Another important factor is that current market constraints cause companies to review their priorities, agendas and investment strategies. At this time of a global threat – when resources are even more limited, interests are diverse, and risks are high – priorities shift beyond shareholder preferences to embrace broader policy and social welfare considerations.
The current situation reinforces debates around the narrative of a broad corporate purpose and, as a result, the raises questions about the legitimacy of adopting Anglo-American “good” corporate governance standards, which govern the separation of ownership and control in the Berle and Means company model (outlined in the 1932 book The Modern Corporation and Private Property by lawyer and diplomat Adolf Berle and Harvard University economist Gardiner Means) of multiple shareholders and powerful managers. In the diverse institutional contexts of many Asian jurisdictions where dispersed ownership is an exception not a general norm, adopting those standards has appeared to be the main driving force behind legal and policy reforms. Countries in the region, however, supported by a significant body of academic literature, are recognizing more and more the idiosyncrasies of their corporate governance systems and are setting alternative standards that align with their own institutional frameworks and market conditions instead of transplanting those from the Anglo-American world.
The growing expansion of the state as a dominant shareholder
The pandemic has heated the discourse around the state’s role in national development. While still early days, management experts claim that the past months have demonstrated that Asian economies such as Singapore, Taiwan, Hong Kong and South Korea are effectively weathering the crisis. These jurisdictions tend to have a strong public sector and invest significant state funds in education, healthcare, infrastructure, industrialization, R&D and innovation. The state’s presence increases the focus on the public good, socio-economic development, and economic self-sufficiency, particularly when the movement of people, goods and services is limited.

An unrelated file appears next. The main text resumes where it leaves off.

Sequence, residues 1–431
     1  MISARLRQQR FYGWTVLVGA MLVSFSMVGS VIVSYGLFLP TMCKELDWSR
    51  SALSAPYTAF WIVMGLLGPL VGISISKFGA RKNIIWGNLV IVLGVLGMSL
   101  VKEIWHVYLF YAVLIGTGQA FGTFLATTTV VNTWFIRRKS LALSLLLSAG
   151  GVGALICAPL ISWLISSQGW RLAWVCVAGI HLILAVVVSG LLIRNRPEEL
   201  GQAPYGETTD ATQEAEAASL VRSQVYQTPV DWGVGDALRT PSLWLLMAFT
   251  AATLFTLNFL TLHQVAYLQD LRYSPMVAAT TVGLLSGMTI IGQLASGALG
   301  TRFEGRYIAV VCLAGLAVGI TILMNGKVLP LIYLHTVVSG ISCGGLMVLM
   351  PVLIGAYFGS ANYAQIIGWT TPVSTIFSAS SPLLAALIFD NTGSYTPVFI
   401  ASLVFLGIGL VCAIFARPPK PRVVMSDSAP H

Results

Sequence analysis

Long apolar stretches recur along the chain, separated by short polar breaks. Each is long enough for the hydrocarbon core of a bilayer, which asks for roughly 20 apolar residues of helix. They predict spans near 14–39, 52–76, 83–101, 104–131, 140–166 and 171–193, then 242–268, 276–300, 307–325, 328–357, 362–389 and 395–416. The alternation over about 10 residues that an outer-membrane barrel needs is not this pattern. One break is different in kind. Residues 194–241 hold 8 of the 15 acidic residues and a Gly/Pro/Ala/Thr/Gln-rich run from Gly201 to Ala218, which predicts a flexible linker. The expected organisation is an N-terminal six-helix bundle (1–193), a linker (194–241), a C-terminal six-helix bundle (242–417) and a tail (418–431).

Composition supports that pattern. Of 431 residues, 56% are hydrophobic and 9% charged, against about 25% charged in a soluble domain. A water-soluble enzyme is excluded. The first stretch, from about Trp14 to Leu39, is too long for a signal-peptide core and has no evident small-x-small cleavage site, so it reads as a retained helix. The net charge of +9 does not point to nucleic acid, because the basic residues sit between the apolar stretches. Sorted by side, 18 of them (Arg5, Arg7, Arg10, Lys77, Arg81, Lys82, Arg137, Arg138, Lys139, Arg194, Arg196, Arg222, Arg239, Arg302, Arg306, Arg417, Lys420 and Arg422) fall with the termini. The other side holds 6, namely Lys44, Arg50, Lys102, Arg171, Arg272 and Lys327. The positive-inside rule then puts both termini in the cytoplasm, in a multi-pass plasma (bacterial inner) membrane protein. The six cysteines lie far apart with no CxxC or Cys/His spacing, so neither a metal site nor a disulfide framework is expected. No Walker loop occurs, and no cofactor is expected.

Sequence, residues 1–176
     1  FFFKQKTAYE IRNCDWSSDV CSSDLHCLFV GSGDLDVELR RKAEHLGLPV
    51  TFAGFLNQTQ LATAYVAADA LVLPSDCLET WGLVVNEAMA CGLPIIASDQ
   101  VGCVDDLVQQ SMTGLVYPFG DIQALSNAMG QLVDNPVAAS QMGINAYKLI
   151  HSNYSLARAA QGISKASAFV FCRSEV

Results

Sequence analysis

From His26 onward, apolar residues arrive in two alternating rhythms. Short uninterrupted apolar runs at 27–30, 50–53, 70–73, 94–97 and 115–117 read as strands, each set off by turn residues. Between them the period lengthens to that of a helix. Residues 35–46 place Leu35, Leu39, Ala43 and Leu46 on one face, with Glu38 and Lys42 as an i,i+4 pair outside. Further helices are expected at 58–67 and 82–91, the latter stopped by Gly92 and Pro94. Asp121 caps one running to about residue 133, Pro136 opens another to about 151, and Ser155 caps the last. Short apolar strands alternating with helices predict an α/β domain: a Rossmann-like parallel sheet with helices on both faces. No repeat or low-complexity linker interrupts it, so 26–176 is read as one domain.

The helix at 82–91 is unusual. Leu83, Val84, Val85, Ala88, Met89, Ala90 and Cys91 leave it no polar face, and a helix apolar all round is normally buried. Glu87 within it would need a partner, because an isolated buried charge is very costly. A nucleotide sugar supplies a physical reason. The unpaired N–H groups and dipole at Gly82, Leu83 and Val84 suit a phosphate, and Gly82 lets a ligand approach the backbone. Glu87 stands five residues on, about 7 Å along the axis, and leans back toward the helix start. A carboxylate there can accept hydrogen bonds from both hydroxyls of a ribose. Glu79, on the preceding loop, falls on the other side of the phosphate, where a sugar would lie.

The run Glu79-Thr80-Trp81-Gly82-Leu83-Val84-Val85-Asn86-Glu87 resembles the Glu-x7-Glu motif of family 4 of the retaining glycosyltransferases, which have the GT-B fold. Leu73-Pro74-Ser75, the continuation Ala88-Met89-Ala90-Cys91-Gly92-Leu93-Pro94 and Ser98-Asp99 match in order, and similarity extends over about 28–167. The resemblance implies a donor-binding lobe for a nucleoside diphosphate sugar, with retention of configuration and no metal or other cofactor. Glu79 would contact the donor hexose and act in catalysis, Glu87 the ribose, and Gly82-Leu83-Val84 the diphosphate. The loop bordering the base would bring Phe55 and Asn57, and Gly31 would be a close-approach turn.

To fulfill their agenda, governments prefer to set up state-owned enterprises and deal with unexpected contingencies through their internal governance and capital structures. State-owned enterprises often manage critical infrastructure, energy, financial and public-utility systems. Controlling positions of the state in many large and often strategic firms in Asia will strengthen even more after the pandemic. The Covid-19 crisis will, therefore, bolster the role of state-owned enterprises across Asia and beyond.
Although the pandemic rocked the foundation of many legislative systems, forcing them to introduce new legal norms, there is no “one-size-fits-all” approach. The choice of an applicable legal framework depends on the socio-economic, capital, and institutional context of an individual country or even the allocation of power and ownership in any individual company. Firms may have various objectives, ownership structures, risks and market conditions, which lead to different organizational forms and governance systems.
This divergence might widen and broaden in the future, imposing an additional challenge to a single-minded regulatory approach to corporate governance. Asian countries will continue to adopt alternative narratives that help their corporate laws to evolve into systems designed for their own specific purposes. The influence of autocratic state-driven systems will also continue to rise. As these trends play out, additional empirical studies and academic discussions are needed to assess the pandemic’s systemic impact on corporate law across Asia.